English football (soccer) club aims to eradicate anti-Semitism

What started as a limited campaign in January took a life on its own. Chelsea F.C. players and officials are now engaged in all-out effort to eradicate anti-Semitism.

Chelsea owner and Israeli billionaire Roman Abramovich in 2018. Credit: Chelsea FC.
Chelsea owner and Israeli billionaire Roman Abramovich in 2018. Credit: Chelsea FC.

Chelsea FC owner Roman Abramovich never stops fighting anti-Semitism with everything he’s got, both on the pitch and on the street.

What started as a limited campaign in January took a life on its own. Chelsea FC players and officials are now engaged in all-out effort to eradicate anti-Semitism.

This includes outreach in schools in the United Kingdom, the United States and Israel, educational tours in Auschwitz, as well as meetings with fans who have used anti-Semitic and racist slurs during games.

Abramovich has provided the financial backing for this campaign right from the start, but his contribution goes beyond funding.

He has overseen the creation of a foundation that promotes the causes of his campaign to ensure this effort remains part and parcel of British discourse and achieves measurable results.

In recent days, the club has launched a new initiative aimed at completing the new Holocaust Galleries in the Imperial War Museum in London, not far from Parliament.

The museum contacted Abramovich right after he had launched his anti-Semitism campaign, asking him whether he would like to participate in the creation of a new section that would celebrate the lives of survivors and commemorate those who had perished. It will be different than other Holocaust memorials because it will retell Jewish history before the Nazis’ rise to power up until the liberation from the death camps in 1945.

Chelsea’s chairman Bruce Buck told Israel Hayom that Abramovich “decided to give a significant amount of money to ensure the galleries were built, and we also took it upon ourselves to cover the costs of the gala dinner aimed at raising funds for the initiative.”

Diplomats from the Israeli Embassy in London and many members of the local business community attended the gala dinner last week. During the event, Buck told them about how Abramovich made his decision to launch the anti-Semitism campaign.

“It all began with a board meeting. We talked about the terrorist attacks in France: the Hyper Cacher supermarket attack [in Paris] and the massacre at the Bataclan concert hall,” recalled Buck. “Then Roman asked, ‘Why don’t we embark on a long-term project to fight all this?’ and it happened. We brought senior Jewish leaders here and within two months, the museum contacted us and told us about their plans.

 ‘Sports have an amazing ability to change one’s behavior’

The decision to embark on this journey was not only a consequence of the attacks in France; it also had to do with the desire to shed the club’s problematic past.

In the 1980s, Chelsea’s reputation was damaged because fans kept using anti-Semitic and racist slurs during games. The situation has improved dramatically since, but anti-Semitic language is still heard in Stamford Bridge and in other stadiums.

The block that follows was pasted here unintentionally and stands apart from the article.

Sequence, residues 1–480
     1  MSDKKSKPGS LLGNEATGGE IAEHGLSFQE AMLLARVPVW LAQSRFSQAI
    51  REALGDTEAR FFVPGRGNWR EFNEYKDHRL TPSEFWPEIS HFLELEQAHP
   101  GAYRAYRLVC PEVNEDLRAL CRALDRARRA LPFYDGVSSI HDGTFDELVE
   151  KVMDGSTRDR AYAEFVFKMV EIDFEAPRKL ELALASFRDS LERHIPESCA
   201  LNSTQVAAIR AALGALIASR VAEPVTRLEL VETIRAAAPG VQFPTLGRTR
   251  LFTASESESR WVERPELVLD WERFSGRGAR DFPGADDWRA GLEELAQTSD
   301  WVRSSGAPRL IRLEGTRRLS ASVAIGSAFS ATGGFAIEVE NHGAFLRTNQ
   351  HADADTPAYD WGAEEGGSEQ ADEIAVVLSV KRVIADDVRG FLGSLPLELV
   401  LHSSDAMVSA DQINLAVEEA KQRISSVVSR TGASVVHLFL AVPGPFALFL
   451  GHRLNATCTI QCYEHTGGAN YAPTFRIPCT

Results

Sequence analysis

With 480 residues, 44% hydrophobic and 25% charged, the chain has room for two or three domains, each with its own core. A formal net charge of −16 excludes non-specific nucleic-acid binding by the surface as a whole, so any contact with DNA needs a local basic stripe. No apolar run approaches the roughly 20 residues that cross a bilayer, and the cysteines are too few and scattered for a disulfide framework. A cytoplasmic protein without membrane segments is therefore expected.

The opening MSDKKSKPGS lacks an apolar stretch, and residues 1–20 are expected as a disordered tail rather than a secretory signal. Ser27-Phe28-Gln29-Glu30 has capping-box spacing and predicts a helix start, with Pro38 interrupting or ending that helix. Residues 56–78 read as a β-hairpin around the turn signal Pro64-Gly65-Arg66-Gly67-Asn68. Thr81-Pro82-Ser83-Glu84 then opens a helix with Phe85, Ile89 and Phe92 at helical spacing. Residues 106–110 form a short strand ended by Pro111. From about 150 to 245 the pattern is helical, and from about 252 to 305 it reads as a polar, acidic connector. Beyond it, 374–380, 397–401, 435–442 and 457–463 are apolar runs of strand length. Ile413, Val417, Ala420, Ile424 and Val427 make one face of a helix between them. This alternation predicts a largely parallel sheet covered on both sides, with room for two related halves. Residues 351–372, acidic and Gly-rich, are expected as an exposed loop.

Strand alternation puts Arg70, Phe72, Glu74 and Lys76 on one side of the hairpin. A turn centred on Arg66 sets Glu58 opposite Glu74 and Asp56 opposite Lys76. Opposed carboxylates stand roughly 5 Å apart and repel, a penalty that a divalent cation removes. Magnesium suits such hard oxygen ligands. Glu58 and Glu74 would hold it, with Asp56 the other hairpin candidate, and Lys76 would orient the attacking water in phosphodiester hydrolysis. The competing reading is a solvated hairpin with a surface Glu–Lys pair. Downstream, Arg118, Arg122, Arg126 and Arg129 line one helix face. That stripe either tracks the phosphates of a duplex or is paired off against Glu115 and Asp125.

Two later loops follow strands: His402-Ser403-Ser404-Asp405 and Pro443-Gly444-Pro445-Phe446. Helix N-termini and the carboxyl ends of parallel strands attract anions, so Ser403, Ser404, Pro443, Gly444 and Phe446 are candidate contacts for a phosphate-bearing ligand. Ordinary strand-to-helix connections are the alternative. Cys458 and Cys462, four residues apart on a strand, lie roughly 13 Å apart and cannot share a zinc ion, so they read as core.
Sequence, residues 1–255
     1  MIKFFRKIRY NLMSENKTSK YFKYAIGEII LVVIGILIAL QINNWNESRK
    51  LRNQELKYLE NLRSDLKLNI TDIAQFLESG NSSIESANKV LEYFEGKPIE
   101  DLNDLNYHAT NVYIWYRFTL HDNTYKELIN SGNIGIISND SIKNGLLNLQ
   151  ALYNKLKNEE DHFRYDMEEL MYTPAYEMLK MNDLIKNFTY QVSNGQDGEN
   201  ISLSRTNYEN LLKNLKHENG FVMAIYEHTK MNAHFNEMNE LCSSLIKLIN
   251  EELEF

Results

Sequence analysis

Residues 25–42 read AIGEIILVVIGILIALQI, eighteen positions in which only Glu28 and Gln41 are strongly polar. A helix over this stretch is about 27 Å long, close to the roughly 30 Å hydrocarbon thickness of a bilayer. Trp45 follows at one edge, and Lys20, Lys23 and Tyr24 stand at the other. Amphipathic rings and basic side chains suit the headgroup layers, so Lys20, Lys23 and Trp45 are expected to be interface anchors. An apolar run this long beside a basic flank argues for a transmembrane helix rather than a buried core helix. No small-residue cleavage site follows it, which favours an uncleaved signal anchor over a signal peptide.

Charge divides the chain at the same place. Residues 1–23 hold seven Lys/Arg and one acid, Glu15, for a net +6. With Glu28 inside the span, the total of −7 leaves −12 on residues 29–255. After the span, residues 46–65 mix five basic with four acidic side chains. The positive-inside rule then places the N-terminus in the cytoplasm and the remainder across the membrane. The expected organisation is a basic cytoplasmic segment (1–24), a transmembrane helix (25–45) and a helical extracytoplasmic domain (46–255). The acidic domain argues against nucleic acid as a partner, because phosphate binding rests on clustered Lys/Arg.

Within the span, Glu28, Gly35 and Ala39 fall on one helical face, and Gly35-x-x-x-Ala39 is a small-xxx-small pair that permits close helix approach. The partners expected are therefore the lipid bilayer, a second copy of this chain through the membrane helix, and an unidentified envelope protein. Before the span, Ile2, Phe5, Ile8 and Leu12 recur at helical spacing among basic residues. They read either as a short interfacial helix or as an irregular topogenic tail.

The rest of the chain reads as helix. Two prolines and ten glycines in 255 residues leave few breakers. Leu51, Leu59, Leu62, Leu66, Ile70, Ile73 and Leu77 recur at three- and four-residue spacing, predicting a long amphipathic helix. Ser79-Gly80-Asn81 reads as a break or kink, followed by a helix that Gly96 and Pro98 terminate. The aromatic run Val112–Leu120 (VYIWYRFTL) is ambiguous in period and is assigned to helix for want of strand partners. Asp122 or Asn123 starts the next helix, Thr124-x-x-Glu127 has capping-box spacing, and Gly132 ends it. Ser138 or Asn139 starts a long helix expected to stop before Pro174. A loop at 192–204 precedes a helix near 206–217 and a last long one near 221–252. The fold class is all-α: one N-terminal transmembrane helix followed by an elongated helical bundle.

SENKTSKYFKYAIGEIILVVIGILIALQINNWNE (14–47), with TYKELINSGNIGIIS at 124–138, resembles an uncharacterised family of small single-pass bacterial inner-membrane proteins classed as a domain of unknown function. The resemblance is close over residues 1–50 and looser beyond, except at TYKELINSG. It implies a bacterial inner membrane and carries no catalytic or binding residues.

“In the past, we used to crack down on such fans by suspending their membership for a long time, but we soon discovered that this step would not only fail to deter them, it would make them even more radical,” Buck told Israel Hayom.

“So we decided on a new approach. We took some 150 fans on a tour to Auschwitz, and then we took another 20 players from our younger squads and some of the staff to the death camp,” said Buck. “These tours were like a punch in the stomach for them. We also had the senior squad players meet Holocaust survivors, and the results were amazing: The fans became agents of change and began cracking down on other fans even before they could make racist chants. Sports have an amazing ability to change one’s behavior.”

Chelsea will play a friendly against Robert Kraft’s New England Revolution in about a month. The proceeds from the game will go to the commemoration of the 11 Jews who were murdered at the Tree of Life*Or L’Simcha synagogue last October in Pittsburgh.

“Many teams, clubs and NGOs from the world have contacted us to glean from our experience on this matter, and we are delighted to answer their questions,” Buck said, praising Chelsea’s former Israeli manager Avram Grant, who has helped the club in the campaign. “He is always willing to help out, he also took part in the ‘March of the Living’ last year,” Buck said, referring to the annual gathering of youths at Auschwitz.

Towards the end of the interview, Buck commented on the team’s lackluster performance this season. “Of course, we are a bit disappointed due to the elimination,” he conceded. “Our goal is now to qualify for the Champions League, but for this we have to improve dramatically.”

Talking about his new recruit, Callum Hudson-Odoi, Buck said that “obviously, we are worried other clubs will try to poach him, but we have done a lot in recent years, and we would like him to stay, we hope we can convince him that Chelsea is his home.”

He sounded more skeptical when talking about Eden Hazard: ”He is a terrific player; we love him, and we are doing everything to keep him.”

It appears that Buck already knows that it is just a matter of time before Hazard makes his way to Real Madrid.

The writer was a guest of the Chelsea Football Club.

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